This month we celebrate Kindergarten Day, in honor of Friedrich Froebel who was born on April 21, 1782 and who started the first Kindergarten in Germany in 1837. The school was built upon a series of innovative principles that used the innate curiosity and intrests of children to guide them to see what Froebel believed to be the harmonious, interconnectedness of all things -- through song and play (which was unheard of in earlier schools); daily lessons in drawing, design, and other artistic activities; and learning through active doing and close contacts with the natural world -- many of the kindergartens actually had real gardens attached to them that the children tended and in doing so, Froebel believed, cultivated their own inner lives.
By the 1840s, Froebel was even issuing stock in his enterprise, the Universal German Kindergarten, at around ten dollars a share. But the business never made him wealthy -- in fact, though the kindergarten idea spread throughout Germany in the mid-19th century, it was fiercely resisted by the autocratic Prussian state, which esentially outlawed it in 1851 because it was believed that Kindergartens promoted democratic ideas that were dangerous to the rigid status quo. Froebel would die a year later, in 1852 -- some say of a broken heart.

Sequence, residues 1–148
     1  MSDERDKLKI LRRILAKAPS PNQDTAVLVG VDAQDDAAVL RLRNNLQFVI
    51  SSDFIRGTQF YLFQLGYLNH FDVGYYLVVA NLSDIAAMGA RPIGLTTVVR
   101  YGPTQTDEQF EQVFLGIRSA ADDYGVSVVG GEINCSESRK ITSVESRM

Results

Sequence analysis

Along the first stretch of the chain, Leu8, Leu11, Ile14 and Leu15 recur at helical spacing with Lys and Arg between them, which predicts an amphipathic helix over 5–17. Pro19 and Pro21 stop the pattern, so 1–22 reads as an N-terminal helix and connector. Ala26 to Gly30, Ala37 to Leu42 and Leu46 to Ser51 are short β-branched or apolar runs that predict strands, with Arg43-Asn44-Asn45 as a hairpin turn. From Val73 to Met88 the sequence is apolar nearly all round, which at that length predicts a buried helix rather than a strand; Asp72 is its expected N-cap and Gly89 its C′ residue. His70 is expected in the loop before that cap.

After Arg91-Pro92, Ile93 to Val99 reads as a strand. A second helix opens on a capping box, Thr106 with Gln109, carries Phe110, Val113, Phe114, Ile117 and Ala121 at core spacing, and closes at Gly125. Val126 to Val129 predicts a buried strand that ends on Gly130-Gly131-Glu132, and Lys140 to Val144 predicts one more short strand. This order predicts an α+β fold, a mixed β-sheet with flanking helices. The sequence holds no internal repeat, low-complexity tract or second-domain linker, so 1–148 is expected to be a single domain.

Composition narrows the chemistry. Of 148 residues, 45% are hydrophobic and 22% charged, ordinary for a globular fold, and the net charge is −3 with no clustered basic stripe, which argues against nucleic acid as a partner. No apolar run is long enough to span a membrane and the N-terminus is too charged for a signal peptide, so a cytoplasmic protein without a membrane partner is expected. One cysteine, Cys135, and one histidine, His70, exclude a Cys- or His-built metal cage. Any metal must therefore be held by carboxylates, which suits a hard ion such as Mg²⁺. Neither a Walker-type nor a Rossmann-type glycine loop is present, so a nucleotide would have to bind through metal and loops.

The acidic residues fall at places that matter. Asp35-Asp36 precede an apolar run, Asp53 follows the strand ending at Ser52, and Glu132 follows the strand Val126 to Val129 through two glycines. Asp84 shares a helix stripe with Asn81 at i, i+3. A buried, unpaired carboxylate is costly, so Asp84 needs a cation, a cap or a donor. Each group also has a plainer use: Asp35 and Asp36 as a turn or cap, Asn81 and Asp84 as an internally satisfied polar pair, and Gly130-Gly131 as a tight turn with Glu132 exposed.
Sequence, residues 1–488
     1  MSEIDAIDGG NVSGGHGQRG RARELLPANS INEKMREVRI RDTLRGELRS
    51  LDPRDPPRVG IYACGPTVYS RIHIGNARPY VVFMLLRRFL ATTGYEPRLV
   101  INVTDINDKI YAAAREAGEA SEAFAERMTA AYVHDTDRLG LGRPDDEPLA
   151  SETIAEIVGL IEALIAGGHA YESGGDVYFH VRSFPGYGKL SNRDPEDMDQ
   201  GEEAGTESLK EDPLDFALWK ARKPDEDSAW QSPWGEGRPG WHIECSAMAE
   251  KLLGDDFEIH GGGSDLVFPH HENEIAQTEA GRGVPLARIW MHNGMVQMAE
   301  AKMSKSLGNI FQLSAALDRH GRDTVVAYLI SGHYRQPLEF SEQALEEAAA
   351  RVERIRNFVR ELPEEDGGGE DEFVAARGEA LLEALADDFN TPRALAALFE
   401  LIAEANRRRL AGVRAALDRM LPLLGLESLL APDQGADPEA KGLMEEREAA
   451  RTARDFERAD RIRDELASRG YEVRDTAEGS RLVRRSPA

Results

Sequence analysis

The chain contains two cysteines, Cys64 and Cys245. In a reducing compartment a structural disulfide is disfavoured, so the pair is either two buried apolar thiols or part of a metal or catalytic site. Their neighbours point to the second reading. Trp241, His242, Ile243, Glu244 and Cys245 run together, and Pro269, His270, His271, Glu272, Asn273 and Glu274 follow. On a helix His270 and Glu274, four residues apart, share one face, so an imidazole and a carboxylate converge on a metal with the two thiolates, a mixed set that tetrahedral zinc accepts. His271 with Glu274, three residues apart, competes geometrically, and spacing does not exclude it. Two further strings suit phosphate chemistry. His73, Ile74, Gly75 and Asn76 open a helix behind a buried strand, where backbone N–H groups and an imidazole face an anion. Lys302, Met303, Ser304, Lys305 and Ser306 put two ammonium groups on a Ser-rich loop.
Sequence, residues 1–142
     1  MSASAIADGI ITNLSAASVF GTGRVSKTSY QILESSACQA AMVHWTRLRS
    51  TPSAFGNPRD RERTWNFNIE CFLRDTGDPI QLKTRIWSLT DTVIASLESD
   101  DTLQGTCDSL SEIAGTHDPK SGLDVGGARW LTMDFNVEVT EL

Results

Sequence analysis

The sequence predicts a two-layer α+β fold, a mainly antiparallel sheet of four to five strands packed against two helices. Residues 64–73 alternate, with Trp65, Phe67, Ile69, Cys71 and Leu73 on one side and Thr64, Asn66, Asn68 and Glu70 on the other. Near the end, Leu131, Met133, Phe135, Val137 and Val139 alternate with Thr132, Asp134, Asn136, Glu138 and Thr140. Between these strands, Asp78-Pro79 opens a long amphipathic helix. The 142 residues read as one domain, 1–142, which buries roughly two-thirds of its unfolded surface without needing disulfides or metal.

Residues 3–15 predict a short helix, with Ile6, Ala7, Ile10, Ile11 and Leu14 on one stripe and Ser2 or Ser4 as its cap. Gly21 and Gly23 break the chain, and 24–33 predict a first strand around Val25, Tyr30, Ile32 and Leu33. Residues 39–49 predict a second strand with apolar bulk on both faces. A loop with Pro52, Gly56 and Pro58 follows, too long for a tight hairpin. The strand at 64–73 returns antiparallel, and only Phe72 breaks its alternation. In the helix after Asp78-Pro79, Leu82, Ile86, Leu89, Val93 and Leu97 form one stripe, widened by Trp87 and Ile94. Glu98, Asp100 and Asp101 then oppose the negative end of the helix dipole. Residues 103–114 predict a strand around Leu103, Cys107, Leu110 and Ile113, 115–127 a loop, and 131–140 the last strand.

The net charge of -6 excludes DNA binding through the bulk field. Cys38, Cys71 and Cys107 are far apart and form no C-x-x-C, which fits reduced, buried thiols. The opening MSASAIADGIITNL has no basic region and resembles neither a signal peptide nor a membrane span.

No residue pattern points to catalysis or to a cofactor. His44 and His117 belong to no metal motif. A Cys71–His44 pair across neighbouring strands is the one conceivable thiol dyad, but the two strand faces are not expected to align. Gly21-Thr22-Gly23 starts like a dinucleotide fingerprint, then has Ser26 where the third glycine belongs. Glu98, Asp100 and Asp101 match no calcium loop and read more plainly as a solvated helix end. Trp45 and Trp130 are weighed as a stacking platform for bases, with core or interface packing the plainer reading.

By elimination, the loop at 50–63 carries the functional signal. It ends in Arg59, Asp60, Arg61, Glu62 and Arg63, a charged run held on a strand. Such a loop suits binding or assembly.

As Norman Brosterman reports in his fascinating book, Inventing Kindergarten, by 1860, even the Prussian authorities relented and allowed this highly popular new form of schooling to continue. The first public American Kindergarten was opened in 1873 in St. Louis. By 1876, at the Centennial Exposition in Philadelphia, there was a model kindergarten for inspection on the grounds at Fairmont Park. One visitor, Mrs. Anna Wright, was so taken with what she saw that she bought a set of what were called Froebel's gifts -- the blocks and balls, sticks and geometric forms that all kindergartens were equipped with -- and took a course of instruction so that she could pass on what she had seen about Froebel's ideas of beautiful unity to her son, Frank Lloyd Wright. Cubism, the Bauhaus, Taliesin -- in fact, a good part of what we see and call "modern," as Brosterman points out -- is arguably attributable to Froebel and the visionary geometries of his children's garden.
Copyright 2005© John Cech
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